Thoughts on "Women's Studies" at Barnard, 1971, page 5

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          Medieval history may be a specialized, remote field; but the dearth of
studies in English by comparison with French and German studies, in periods
closer to our own time, suggests a cultural bias among historians. Given
this situation, it is not surprising that in current discussions on the legal,
social and professional status of women the historical background is neglected,
or is at best slighted. Even in Simone de Beauvoir's Second Sex, which by
now has acquired the authority of a classic, pronouncements on the nature and
role of women, for example by patristic authors such as Tertullian, are cited
out of their historical context.

Admittedly the question arises whether a college like ours should en-
courage courses where inquiry would be directed at such neglected subjects.
Would the inclusion of courses on women upset our balanced curriculum and
weaken its professional approach? Apprehension concerning the introduction
of new courses into the university curriculum is a phenomenon almost as old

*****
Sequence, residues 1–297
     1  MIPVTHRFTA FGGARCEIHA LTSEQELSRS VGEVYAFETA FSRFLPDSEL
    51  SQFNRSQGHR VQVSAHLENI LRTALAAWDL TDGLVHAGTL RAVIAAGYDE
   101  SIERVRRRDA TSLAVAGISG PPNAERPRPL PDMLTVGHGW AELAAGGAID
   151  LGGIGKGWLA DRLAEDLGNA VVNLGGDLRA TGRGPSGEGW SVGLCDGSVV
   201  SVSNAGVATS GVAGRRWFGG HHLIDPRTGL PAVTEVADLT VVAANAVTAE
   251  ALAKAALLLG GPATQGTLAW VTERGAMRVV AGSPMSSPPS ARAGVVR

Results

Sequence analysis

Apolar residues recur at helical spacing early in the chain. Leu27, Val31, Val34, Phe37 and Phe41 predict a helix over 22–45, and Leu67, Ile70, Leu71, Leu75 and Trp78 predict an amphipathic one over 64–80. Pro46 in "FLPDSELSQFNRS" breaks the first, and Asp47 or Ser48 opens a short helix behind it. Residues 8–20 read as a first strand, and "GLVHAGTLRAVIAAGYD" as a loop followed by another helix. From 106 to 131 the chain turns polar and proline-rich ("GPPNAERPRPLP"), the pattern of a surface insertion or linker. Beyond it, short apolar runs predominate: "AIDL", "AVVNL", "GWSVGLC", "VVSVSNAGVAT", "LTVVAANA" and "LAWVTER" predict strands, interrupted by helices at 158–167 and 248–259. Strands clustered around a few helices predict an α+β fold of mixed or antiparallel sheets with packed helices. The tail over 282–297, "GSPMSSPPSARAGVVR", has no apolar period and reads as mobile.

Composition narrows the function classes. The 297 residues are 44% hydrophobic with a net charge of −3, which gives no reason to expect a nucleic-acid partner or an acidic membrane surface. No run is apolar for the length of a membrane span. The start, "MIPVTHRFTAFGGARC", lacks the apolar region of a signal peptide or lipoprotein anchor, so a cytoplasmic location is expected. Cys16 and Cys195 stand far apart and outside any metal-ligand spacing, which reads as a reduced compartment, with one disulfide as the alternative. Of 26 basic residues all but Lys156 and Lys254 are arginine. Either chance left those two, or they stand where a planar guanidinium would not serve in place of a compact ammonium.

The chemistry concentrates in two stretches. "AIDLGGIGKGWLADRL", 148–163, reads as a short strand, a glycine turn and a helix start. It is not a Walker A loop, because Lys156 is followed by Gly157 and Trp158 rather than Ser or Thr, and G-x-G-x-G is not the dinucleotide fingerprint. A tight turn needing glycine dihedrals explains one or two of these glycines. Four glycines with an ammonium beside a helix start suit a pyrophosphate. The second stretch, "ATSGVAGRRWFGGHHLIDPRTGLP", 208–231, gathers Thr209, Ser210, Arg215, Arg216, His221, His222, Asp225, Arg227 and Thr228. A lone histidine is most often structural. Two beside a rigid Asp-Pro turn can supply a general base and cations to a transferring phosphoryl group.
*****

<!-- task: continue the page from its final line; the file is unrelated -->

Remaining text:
as the university. In the 13th century there were prohibitions at Paris against
courses on Aristotle, and two centuries later, in order to teach Plato, Marsilio
Ficino had to set up the Florentine Academy. American colleges and univer-
sities, certainly in the past fifty years, seem to have been more receptive
to curricular.innovation in response to current interest than were their
medieval counterparts. The establishment of Israel as an independent nation
resulted in the introduction of courses on Jewish History. The growth of
courses in Russian History appears to be correlated to the rise of Communist
Russia as an international power. Courses in Labor History following upon
the Great Depression reflected an interest prevalent at that time which seems
to have waned in recent years. The objective examination of labor problems in
the classroom reduced polarization of public opinion and contributed to the

acceptance of much-needed reforms. The Labor History courses may have since